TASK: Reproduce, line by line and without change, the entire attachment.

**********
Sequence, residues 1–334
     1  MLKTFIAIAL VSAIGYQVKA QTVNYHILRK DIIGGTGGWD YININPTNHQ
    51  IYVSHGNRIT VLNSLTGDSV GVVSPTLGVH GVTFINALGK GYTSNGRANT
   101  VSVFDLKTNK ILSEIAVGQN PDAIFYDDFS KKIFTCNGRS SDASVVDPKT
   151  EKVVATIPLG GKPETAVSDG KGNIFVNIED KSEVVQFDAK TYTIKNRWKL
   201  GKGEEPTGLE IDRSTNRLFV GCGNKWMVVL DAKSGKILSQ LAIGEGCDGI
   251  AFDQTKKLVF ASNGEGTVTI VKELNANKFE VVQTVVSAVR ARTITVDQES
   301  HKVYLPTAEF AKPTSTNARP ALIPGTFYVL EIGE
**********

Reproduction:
Sequence, residues 1–334
     1  MLKTFIAIAL VSAIGYQVKA QTVNYHILRK DIIGGTGGWD YININPTNHQ
    51  IYVSHGNRIT VLNSLTGDSV GVVSPTLGVH GVTFINALGK GYTSNGRANT
   101  VSVFDLKTNK ILSEIAVGQN PDAIFYDDFS KKIFTCNGRS SDASVVDPKT
   151  EKVVATIPLG GKPETAVSDG KGNIFVNIED KSEVVQFDAK TYTIKNRWKL
   201  GKGEEPTGLE IDRSTNRLFV GCGNKWMVVL DAKSGKILSQ LAIGEGCDGI
   251  AFDQTKKLVF ASNGEGTVTI VKELNANKFE VVQTVVSAVR ARTITVDQES
   301  HKVYLPTAEF AKPTSTNARP ALIPGTFYVL EIGE